U.P. Election Results In Charts: How BJP’s ‘MY-Square’ Beat Akhilesh’s ‘MY’
→ ‘Modi-Yogi’ x ‘Mahila-Yojana’ trumps ‘Muslim-Yadav’ in a one-sided battle.
The Bharatiya Janata Party led by Yogi Adityanath has won a stupendous election in Uttar Pradesh amidst clouds of economic slowdown post the pandemic, farmer agitation led by the Jat community, soaring unemployment levels, and high inflation.
The Samajwadi Party’s campaign focusing on agrarian distress, discontent among youth, government employees, and certain caste groups drew huge crowds and gained good traction but could not be converted into enough votes to dislodge the BJP from power despite the state's long legacy of revolving door politics.
While SP-led alliance more than doubled its tally and recorded an impressive jump in vote share by 12%, it lacked the muscle to cross 40% vote share, even as BJP’s vote share increased by a further 3%.
In the first bipolar U.P. election seen in decades, other parties including Bahujan Samaj Party, Congress, and smaller parties have been completely squeezed out with a redistribution of votes and could win only 5 seats in the aggregate.
Vote Shifts In Caste Blocs
In hindsight, we see that the BJP had won the UP elections by Phase 5 itself, and the outcomes in the sixth and seventh phases—where the SP and its allies put up a formidable caste coalition—were inconsequential.
That the BJP maintained a comfortable lead over the SP right from the first phase suggests that the farmer agitation led by Jats in western U.P. did not translate into a shift in votes towards the Jat-centric Rashtriya Lok Dal and its alliance with the SP. For the SP, this was a repeat of a legacy problem with allies – being unable to secure a seamless transfer of votes towards it from its allies’ voter base.
While the SP’s core voter blocs of Muslims and Yadavs backed RLD candidates, Jats do not seem to have reciprocated in favour of SP candidates.
So, in West UP, the BJP bagged 45 of the 58 seats on offer in the first phase.
In the second phase, there were many districts of western U.P. that have a sizeable minority population. Here too, the BJP won more seats than SP, pointing to possible counter-consolidation among different sub-sects of the majority community.
What the SP failed to do was to make a sizable dent in the BJP’s new coalition of non-Yadav OBCs, and non-Jatav Scheduled Castes, that have been added to the legacy support the BJP has from upper-caste Hindus.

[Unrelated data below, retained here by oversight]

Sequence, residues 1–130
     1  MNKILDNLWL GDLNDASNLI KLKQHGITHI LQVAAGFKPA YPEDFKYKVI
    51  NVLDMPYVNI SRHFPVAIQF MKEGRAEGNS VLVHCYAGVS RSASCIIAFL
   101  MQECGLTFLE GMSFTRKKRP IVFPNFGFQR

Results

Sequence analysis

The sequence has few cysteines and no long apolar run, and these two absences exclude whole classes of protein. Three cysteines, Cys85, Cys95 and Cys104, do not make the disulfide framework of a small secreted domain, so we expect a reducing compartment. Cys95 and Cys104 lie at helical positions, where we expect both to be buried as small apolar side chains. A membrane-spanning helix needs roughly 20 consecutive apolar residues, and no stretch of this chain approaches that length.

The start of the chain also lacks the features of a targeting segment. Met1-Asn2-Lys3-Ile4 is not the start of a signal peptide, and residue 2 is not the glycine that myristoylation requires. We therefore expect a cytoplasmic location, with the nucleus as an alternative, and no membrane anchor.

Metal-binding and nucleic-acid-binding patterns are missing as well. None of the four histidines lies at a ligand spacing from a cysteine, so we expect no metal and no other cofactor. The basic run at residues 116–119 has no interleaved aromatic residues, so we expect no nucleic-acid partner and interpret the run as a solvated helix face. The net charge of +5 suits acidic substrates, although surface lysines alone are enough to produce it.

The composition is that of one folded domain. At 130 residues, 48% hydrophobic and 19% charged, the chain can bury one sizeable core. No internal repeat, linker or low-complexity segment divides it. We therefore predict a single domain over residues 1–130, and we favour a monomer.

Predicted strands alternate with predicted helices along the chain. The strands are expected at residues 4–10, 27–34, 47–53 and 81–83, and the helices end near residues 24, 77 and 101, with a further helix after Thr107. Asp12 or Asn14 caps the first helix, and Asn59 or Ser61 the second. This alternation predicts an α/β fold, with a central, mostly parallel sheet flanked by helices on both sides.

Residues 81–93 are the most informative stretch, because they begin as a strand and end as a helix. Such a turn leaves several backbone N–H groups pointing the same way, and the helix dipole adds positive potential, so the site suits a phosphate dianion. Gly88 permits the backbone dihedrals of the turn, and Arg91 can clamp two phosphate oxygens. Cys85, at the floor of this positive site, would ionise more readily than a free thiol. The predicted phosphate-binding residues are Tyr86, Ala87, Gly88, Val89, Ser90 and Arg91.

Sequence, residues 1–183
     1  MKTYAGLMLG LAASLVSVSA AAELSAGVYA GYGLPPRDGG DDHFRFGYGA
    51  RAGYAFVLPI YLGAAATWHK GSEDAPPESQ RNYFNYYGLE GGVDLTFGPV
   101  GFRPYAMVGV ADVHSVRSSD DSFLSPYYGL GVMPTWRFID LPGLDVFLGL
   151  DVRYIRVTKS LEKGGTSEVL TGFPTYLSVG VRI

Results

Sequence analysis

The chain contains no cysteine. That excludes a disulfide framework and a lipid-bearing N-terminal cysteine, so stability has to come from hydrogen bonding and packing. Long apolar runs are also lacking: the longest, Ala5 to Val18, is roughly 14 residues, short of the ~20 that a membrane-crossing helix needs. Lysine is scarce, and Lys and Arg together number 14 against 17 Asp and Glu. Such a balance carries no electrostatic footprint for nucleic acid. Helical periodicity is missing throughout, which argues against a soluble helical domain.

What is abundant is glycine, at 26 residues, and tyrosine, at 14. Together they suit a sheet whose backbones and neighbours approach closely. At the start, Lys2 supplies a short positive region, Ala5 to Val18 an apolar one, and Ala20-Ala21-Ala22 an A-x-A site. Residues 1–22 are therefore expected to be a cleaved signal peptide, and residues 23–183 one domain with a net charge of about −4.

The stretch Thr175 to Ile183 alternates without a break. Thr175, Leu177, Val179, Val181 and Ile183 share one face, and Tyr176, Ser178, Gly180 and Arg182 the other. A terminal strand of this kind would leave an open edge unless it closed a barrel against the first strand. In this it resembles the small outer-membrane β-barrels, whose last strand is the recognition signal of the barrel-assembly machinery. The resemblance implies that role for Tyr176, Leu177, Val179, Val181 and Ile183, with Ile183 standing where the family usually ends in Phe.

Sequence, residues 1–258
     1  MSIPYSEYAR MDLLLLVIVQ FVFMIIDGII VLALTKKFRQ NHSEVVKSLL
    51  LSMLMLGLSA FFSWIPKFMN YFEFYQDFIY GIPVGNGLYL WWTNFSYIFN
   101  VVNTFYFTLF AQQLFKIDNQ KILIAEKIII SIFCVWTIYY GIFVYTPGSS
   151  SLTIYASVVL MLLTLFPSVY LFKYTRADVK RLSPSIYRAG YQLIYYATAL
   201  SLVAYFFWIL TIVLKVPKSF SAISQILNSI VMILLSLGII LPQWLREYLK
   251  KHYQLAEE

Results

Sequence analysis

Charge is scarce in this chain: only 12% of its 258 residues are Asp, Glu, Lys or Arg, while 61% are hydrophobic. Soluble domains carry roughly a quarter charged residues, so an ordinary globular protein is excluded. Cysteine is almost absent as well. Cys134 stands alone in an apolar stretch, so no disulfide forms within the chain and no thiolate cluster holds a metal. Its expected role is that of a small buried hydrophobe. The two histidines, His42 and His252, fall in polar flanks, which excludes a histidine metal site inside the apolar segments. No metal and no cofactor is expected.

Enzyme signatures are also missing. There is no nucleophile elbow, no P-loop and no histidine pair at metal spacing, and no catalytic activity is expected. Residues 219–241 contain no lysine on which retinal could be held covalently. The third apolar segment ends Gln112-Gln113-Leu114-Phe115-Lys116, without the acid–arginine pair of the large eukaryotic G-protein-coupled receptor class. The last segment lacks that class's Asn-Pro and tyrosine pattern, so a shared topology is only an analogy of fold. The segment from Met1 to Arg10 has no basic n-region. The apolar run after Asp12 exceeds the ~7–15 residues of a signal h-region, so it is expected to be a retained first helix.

While BJP has maintained its dominance over the upper caste voters, it has increased its influence among non-Yadav OBC voters and held its ground among Jats, despite the alliances struck by Akhilesh Yadav. The BJP has also made gains in the BSP’s peripheral non-Jatav votes as well as core Jatav base.
Having lost Dalit votes to the BJP, the BSP also shed other voter blocks, to the SP. Half of the SP gain is coming from higher levels of support in its legacy voter blocs – 5% from Muslims and 1% from Yadavs who abandoned BSP and INC and backed the SP in a bipolar contest.
While the other half of SP’s gains were from SCs, non-Yadav OBCs, and Jats, the BJP upped its vote share from those blocs as well.
The BJP’s expanded vote base helped it buffer a marginal loss of support amongst Brahmins.
‘MY-Square’ Versus ‘MY’
To ward off any challenge from the SP’s Muslim-Yadav support, the BJP, in effect coined its own ‘MY-Square’ by asking for votes in the name of the Modi-Yogi duo and creating a ‘Mahila-Yojanya’ vote bank.
The Axis My India post-poll survey said ‘strong leadership and development under a double engine ki sarkar’ was a motivating factor for 37% of respondents. 15% of BJP supporters said they voted in the name of Modi and Yogi.
Women voters who may not take part in discussions with visiting journalists or researchers as enthusiastically as men would also tend to get under-represented in surveys. They’ve backed the BJP in large numbers.
What helped the BJP among women voters was the perception of improved law and order and a fear of a return of lawlessness if the SP returned to power. As per the Axis poll, 11% of BJP voters backed the party on account of improved law and order.
As a result, more women than men voted for the BJP across caste groups except for Jatavs, and more women voted for the BJP than SP across all communities except Yadavs and Muslims.